High tech manufacturing and engineering, for instance in the automotive sector, are very important to Tampere. The city already has expertise in autonomous vehicles. Cargo handling provider Cargotec uses autonomous harbour container handling devices; and Sandvik uses autonomous mining equipment for underground tunnelling in the pitch black. To adapt this technology to cars is not that big a leap, according to Oula. In addition, Rolls-Royce has an autonomous ship research centre in nearby coastal city Turku, and both TUT and the leading research centre in the Nordics, VTT Technical Research Centre, are involved in the development of unmanned ships of the future.
Is Tampere Region targeting any particular countries? One third of Finland’s FDI projects come from Sweden, so this is an important target country for the economic development team. Germany is also a big focus because of its automotive industry. Oula says: “Although it is challenging to persuade German companies to invest, we have had some good dialogues and we are hoping we will be able to do more in future.” Tampere has benefitted from Chinese investment in the past – drone manufacturer PowerVision and telecoms equipment provider Huawei are there already, and Oula and his team are working closely with the Invest in Finland team based in China.
The experience economy and Smart Tampere
What about the “experience economy” sector, which in Tampere Region’s organization structure covers gaming, media, tourism and creative industries? Oula explains: “Previously, young, highly educated people would choose where to live based on where the company was located, but nowadays they select a city based on the experiences the city can offer them, and companies will choose where to locate their sites based on the talent and skills available. Therefore, issues such as smart city become relevant – how long are the traffic jams, what does the city offer in terms of leisure and quality of life, and how much more free time can you have compared with another city.” TUT alone has 1,500 international students studying in Tampere, and most of them want to stay on in the city, but the challenge is to encourage local companies to offer them jobs before their visas run out. “Leadin, a user experience company, has really benefitted from hiring people from different countries and cultures. Leadin operates in five locations including Tampere and their diverse workforce means they can create services that are relevant to different country markets from the outset.” Oula points out.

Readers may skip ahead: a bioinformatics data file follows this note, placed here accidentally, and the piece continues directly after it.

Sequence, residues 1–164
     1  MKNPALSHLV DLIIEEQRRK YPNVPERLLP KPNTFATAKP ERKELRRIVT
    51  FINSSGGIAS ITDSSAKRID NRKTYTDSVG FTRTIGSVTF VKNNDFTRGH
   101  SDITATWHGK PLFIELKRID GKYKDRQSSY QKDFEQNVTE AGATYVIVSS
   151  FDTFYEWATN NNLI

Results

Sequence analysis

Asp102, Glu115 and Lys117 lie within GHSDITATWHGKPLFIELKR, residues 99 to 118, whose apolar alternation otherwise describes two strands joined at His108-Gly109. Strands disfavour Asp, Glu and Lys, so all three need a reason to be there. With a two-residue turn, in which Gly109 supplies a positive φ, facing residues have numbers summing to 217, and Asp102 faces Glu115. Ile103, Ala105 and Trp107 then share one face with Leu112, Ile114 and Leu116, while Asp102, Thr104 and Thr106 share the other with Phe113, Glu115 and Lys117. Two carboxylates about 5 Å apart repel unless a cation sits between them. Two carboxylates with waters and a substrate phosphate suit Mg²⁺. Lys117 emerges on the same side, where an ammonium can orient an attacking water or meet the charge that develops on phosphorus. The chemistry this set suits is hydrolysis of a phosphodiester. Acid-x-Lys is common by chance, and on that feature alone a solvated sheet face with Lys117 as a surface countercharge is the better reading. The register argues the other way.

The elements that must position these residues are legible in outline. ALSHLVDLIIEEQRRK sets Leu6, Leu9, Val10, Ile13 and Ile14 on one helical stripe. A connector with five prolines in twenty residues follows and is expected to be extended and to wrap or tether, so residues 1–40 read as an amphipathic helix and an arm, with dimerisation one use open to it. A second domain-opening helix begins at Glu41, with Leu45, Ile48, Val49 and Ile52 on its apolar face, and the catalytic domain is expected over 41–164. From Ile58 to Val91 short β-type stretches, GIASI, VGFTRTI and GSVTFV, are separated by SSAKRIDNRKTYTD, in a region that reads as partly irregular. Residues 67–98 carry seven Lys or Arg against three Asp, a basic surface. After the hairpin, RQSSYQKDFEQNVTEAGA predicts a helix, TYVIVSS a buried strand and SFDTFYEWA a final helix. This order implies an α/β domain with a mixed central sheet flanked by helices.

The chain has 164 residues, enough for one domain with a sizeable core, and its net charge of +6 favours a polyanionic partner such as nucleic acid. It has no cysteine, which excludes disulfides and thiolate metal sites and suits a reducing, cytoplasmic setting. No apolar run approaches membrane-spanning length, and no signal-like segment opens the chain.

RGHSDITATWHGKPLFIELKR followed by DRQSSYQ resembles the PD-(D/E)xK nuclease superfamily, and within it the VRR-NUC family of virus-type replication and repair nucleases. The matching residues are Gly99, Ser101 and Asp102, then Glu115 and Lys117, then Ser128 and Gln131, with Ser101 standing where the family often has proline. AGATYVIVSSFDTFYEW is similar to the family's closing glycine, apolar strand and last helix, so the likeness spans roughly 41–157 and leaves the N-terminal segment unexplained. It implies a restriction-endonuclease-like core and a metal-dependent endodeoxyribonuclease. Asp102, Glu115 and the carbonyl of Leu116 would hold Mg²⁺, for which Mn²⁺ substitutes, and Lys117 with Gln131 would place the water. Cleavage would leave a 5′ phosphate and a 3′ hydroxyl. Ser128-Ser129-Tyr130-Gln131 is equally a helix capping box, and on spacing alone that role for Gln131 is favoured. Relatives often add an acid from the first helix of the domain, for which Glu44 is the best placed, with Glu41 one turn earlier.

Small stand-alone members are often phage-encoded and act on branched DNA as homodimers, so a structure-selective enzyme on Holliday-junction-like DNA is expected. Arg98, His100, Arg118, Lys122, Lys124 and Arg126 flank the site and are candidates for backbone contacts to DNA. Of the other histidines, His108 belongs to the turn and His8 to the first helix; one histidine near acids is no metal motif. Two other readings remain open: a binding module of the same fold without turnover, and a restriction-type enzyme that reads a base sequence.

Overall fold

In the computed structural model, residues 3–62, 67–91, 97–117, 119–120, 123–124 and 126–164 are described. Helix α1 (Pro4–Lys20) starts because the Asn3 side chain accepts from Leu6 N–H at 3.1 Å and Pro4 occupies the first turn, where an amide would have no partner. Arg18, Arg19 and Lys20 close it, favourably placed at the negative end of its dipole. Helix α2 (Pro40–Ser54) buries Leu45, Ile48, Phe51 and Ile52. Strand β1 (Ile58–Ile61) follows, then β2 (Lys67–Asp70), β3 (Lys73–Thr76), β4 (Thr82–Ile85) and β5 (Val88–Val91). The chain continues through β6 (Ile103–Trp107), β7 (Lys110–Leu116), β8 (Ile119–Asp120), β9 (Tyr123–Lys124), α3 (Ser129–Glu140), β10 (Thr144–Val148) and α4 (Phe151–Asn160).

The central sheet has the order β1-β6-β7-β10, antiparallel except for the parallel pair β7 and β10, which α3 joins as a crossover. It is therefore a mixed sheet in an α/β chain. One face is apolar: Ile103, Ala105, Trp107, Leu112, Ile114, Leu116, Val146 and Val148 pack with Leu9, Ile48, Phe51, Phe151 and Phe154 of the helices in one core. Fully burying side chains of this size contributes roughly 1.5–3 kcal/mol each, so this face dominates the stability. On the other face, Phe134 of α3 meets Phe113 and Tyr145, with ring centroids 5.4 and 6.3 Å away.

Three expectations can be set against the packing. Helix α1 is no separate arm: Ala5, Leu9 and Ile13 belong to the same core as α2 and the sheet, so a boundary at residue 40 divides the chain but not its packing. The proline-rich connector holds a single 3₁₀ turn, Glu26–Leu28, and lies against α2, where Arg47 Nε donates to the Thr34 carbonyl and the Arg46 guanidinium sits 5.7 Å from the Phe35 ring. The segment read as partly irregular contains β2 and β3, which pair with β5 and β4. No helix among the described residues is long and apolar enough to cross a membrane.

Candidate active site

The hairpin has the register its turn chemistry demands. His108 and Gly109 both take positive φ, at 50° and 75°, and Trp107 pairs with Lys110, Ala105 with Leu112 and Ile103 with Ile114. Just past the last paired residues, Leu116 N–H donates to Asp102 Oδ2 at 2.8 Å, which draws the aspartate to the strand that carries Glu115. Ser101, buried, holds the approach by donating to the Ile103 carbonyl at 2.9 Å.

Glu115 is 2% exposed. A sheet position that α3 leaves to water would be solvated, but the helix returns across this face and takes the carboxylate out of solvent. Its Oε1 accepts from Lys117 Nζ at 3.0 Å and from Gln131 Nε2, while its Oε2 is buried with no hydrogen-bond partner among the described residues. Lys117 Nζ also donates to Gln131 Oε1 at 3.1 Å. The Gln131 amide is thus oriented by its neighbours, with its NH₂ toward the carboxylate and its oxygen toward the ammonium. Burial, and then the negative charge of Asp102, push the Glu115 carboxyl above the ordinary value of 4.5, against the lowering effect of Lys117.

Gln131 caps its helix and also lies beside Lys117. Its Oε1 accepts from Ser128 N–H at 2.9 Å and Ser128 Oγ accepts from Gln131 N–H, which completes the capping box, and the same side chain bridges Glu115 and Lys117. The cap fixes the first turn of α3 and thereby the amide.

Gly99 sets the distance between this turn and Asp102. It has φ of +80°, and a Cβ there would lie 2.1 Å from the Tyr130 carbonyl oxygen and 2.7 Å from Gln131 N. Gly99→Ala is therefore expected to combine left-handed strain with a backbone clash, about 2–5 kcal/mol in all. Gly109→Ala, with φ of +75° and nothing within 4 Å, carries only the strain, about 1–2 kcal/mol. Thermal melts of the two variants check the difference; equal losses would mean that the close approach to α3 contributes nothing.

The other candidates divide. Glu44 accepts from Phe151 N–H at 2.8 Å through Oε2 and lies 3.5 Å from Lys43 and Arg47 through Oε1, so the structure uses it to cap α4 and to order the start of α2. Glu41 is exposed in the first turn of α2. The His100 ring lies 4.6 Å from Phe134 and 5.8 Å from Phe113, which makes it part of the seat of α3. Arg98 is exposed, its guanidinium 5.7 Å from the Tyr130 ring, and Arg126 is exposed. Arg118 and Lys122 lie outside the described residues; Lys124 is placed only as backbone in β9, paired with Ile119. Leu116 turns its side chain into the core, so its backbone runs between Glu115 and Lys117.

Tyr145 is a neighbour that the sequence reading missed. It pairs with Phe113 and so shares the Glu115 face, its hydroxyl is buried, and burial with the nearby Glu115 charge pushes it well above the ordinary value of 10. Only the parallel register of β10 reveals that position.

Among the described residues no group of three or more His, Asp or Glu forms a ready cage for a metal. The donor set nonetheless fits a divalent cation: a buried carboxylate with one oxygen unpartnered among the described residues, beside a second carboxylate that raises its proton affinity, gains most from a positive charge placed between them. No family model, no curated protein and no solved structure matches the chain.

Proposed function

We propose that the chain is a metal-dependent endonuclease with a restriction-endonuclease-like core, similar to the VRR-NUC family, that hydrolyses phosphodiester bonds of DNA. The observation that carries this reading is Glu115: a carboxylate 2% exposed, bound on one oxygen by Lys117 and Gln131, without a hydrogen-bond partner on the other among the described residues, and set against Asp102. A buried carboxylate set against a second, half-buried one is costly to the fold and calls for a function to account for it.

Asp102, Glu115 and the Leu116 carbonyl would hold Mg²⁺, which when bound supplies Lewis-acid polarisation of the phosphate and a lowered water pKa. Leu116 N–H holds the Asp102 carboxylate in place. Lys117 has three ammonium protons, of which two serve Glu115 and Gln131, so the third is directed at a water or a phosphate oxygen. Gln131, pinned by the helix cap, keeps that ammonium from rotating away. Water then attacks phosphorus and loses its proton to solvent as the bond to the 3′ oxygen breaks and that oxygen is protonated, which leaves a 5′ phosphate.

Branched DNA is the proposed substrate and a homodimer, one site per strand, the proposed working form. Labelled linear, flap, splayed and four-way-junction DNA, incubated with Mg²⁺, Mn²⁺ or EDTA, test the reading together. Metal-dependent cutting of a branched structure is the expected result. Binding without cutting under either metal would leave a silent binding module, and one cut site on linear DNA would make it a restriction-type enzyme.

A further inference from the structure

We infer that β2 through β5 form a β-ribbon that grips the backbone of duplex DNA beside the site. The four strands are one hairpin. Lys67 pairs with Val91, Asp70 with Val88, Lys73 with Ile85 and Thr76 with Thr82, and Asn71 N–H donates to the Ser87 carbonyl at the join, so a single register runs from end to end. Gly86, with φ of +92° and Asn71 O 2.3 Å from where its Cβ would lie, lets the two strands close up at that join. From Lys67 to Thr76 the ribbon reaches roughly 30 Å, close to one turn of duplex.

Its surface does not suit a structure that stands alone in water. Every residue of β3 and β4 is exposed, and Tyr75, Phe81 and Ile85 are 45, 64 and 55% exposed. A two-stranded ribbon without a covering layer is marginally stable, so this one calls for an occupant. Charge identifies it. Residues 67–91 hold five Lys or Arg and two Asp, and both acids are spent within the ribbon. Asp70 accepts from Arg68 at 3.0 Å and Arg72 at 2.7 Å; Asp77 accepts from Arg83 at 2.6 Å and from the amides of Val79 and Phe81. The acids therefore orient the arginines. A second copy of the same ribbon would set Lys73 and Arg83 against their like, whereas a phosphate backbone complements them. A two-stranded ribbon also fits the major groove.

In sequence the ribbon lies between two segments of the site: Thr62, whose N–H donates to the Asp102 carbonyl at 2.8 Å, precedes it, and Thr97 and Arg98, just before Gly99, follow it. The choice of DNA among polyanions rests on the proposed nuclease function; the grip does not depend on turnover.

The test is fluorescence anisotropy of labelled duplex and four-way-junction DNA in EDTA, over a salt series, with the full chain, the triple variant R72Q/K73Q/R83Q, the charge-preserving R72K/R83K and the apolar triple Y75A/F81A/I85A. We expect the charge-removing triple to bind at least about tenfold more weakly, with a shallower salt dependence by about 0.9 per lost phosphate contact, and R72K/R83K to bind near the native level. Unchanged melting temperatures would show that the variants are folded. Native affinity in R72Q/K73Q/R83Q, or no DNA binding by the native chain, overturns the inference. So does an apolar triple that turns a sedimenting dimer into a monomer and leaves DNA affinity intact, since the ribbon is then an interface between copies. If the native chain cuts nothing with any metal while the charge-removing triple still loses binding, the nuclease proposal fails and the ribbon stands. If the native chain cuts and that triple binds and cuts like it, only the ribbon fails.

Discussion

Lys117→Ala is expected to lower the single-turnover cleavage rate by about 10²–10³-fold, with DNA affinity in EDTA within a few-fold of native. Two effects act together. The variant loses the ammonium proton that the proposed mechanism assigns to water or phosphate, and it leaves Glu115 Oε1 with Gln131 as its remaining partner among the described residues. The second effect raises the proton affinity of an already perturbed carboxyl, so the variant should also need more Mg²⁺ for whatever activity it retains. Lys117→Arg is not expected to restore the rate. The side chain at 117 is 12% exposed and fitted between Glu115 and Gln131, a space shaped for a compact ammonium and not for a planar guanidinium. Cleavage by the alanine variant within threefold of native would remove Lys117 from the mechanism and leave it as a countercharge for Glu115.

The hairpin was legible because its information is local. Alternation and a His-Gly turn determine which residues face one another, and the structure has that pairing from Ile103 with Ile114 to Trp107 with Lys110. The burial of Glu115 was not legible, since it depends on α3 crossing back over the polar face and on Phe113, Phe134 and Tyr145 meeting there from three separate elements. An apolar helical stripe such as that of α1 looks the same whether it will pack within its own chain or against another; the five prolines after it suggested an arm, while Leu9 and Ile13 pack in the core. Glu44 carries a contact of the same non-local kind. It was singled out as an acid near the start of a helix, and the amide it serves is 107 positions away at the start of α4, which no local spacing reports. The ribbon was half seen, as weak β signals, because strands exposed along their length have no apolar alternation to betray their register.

The local administration in Tampere is also interested in technology as a buyer. In Autumn 2016, they launched Smart Tampere , a major new program covering seven different themes for the city’s future development, including mobility, industry, health and government. The aim is cooperation between companies, organizations and citizens, and US giants Cisco and GE have expressed their interest in the program. The City of Tampere also supports the work of New Factory, the Tampere-based innovation centre and business incubator, including the ITS Factory intelligent transport project. In addition, New Factory is part of BELT, an EU cross-border co-creation program for smart city in the Baltic Sea Region.
The future looks bright – the future looks smart!
Tampere is pushing forward into the future with new ideas and technologies, and the economic development agency is equipping itself to meet the future needs of businesses in high tech industry at home and abroad.
So now you’ve heard about Tampere – the city with a bright and smart future!
Julia Lemagnen has worked in international business for 25 years in both business-to-business and business-to-consumer market research. She previously worked as Market Intelligence Manager at logistics specialist Unipart Group, and as part of a UK-based brand research agency she handled marketing and research assignments for clients such as Microsoft and 3M. She is experienced in a wide range of industries and research methods and has been working in the field of economic development and foreign direct investment since 2002. Julia co-founded MCJ Lemagnen Associates in 2010.